President Obama will deliver a speech in Texas Tuesday intended to revive interest in a far-reaching approach to immigration, one of the nation’s most divisive political issues.
The White House hopes to use the speech to “create a sense of urgency in Congress and the nation,” according to a senior administration official. With a divided Congress and fewer advocates for comprehensive immigration than in 2007, the last time Congress tried to push through a comprehensive immigration solution, the speech undoubtedly will do more to reaffirm Obama’s commitment to a key voting block in 2012 than to gain any legislative traction on Capitol Hill.
The President campaigned in 2008 on a pledge to produce a broad immigration bill in his first year in office but has failed to deliver on that promise. In recent months, Obama has tried to revitalize interest in the issue, and has met with Latino celebrities, including actress Eva Longoria, law enforcement officials and other stakeholders to discuss ways to overcome Congressional gridlock.
In El Paso Tuesday Obama will address the nation’s immigration problems in a speech at the Chamizal National Memorial, the site created to commemorate the peaceful settlement of a century-long boundary dispute between Mexico and the United States in 1963.
Obama will stress his administration’s record of increasing security on the U.S.-Mexican border, and given these strides, will argue the U.S. has the opportunity and obligation to fix a problem that Congress has long struggled to address, according to senior administration officials.
“Over the past two years this administration has dedicated more resources to securing the border than ever before,” an official told reporters on a conference call Monday, noting that the number of border-control agents have more than doubled during Obama’s time in office. “These are the most sustained and serious actions in securing our Southwest border in our nation’s history.”
The speech also will focus on the economic benefits of creating a path for citizenship for the estimated 11 million illegal immigrants already living and working in the United States, as well as those immigrants here on student visas attending U.S. universities and colleges. Obama will not offer detailed legislative remedies in his speech or call for specific deadlines for Congressional action, senior administration officials indicated.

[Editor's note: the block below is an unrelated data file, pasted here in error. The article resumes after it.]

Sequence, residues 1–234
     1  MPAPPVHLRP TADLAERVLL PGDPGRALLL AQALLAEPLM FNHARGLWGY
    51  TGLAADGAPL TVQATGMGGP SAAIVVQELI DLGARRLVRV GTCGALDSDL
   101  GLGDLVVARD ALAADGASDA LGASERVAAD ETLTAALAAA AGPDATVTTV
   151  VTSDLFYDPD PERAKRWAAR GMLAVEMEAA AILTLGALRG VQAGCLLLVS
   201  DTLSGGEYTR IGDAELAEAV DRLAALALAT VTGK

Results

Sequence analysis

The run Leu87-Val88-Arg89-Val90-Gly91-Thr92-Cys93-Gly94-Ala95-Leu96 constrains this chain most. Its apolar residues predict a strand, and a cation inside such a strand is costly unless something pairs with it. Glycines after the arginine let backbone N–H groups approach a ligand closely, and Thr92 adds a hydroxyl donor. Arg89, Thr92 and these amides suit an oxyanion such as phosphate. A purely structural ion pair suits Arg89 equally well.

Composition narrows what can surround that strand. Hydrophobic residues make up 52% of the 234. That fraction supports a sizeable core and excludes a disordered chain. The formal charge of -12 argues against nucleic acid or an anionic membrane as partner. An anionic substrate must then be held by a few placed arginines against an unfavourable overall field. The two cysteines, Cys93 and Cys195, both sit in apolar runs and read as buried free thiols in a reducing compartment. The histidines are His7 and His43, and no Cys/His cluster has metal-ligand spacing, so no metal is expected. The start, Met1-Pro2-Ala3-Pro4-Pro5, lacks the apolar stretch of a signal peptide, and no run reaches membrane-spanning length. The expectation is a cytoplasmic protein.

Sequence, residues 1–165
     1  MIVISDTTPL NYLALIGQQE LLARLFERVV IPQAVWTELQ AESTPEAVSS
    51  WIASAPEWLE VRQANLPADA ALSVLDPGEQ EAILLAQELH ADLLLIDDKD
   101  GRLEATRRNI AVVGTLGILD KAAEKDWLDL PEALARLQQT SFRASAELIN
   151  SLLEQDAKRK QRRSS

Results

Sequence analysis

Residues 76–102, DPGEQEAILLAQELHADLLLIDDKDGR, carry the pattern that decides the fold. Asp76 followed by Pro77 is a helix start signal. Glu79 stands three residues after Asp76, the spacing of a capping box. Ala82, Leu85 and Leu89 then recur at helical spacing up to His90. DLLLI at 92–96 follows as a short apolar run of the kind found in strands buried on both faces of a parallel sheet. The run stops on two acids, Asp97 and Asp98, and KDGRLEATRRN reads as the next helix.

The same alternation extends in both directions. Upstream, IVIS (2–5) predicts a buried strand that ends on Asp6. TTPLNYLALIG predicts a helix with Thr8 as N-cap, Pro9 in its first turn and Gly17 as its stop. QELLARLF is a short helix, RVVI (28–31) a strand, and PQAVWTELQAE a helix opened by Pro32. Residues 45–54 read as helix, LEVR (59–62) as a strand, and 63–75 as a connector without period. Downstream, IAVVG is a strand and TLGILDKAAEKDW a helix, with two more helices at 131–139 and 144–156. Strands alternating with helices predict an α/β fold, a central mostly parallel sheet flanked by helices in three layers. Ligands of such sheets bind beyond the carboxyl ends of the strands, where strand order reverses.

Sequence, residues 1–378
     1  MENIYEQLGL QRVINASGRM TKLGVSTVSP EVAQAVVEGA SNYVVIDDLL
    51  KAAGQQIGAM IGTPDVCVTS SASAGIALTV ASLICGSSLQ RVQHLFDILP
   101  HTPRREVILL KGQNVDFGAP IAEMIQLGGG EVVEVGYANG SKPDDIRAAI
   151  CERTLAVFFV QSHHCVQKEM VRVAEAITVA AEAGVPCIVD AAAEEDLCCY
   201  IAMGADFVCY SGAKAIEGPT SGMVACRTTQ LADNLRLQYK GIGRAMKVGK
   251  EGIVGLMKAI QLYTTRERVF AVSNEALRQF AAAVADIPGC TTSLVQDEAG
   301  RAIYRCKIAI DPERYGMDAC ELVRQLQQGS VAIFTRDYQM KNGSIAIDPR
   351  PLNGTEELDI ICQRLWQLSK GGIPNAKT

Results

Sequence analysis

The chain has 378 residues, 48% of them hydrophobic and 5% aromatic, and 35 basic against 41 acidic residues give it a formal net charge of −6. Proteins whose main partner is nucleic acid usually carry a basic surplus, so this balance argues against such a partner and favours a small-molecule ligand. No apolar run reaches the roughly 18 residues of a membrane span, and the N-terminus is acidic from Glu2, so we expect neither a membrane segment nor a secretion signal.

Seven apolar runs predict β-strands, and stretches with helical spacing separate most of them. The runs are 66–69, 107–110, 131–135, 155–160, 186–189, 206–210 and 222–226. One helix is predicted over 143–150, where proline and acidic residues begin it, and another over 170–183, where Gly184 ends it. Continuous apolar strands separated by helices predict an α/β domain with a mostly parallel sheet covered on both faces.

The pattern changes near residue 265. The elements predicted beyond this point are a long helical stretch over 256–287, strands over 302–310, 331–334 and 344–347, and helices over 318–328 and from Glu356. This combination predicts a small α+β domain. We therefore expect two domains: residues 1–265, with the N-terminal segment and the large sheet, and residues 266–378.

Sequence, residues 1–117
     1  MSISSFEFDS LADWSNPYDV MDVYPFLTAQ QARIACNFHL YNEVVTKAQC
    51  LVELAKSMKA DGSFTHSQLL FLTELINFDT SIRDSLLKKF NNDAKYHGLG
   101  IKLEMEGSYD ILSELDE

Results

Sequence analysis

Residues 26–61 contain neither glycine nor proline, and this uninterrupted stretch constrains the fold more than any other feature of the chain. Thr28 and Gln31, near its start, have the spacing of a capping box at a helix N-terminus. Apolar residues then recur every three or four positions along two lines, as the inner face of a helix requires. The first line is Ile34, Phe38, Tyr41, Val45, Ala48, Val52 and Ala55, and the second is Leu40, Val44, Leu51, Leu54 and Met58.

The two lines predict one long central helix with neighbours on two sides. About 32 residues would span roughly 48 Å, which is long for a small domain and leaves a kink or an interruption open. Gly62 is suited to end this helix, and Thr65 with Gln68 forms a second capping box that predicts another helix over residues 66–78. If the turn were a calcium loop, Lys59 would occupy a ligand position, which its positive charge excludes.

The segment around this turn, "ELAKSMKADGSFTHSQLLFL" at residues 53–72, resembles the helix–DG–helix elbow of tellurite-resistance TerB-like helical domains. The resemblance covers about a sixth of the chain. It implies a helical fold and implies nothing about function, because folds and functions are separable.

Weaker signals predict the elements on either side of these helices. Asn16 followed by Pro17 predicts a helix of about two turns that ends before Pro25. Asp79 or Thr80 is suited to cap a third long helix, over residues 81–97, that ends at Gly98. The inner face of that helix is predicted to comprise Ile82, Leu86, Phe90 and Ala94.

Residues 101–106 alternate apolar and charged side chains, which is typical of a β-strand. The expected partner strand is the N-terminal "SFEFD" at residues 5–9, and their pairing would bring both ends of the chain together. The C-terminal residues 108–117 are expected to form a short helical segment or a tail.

Before the speech, Obama plans to tour the facility at the Bridge of the Americas Port of Entry, the largest of four crossings that comprise the El Paso Port of Entry.
Despite Obama’s best efforts to refocus the nation on the need for comprehensive immigration reform, Latino leaders in Congress consider the effort too little too late. Advocates of immigration reform, had had a tough time getting even piecemeal immigration bills passed.
Last year, even when Democrats controlled both the Senate and the House, Congress could not pass the DREAM Act, a bill aimed at providing upstanding young undocumented immigrants with a path to citizenship. With Republicans in charge in the House, there is even less chance of passing immigration legislation this year or next.
In the vacuum, states such as Arizona have passed controversial laws targeting illegal immigrants. Arizona Gov. Jan Brewer announced Monday that she plans to appeal to the U.S. Supreme Court to overturn a lower court ruling barring some of the more controversial aspects of her state’s new immigration law.
The speech comes as Obama begins a reelection fight focused on states with large Hispanic populations such as Nevada, Colorado and Florida, considered essential to winning a second term. Democratic Party officials are even publicly saying Texas is in play because of its growing Latino population, although they privately acknowledge it’s a long shot.
Meanwhile, polls shows Obama’s support among Latinos is slipping. Sixty-seven percent of Latino voters backed Obama in 2008, but some polls show that his approval rating among Latinos has dipped below 50 percent.
In a press briefing on Monday, White House Press Secretary Jay Carney disputed the idea that Obama was giving the speech to help his reelection chances.
“The most valuable commodity that exists in the West Wing is the President’s time, as you know, everybody here knows. And just look at how much time he’s dedicating to immigration reform. And that should tell you how seriously he is approaching this issue,” he told reporters.
Administration officials have organized specific “community conversations” to follow the speech this week.
On May 11th, business, labor, law enforcement and faith leaders will join senior administration officials for a conference call to recap Obama’s speech and discuss the next appropriate steps.
May 12: Business leaders join U.S. Chief Technology Officer Aneesh Chopra and Administration officials in Omaha, Nebraska for a roundtable community conversation.
May 12: Steve Case, Founder and former CEO of AOL and chair of the Startup America Partnership joins senior administration officials in a community conversation in Silicon Valley.
May 19: Asian American and Pacific Islander (AAPI) leaders join Labor Secretary Hilda Solis on a national conference call.
May 31: The Albuquerque Hispanic Chamber of Commerce hosts a roundtable with Solis in Albuquerque, New Mexico.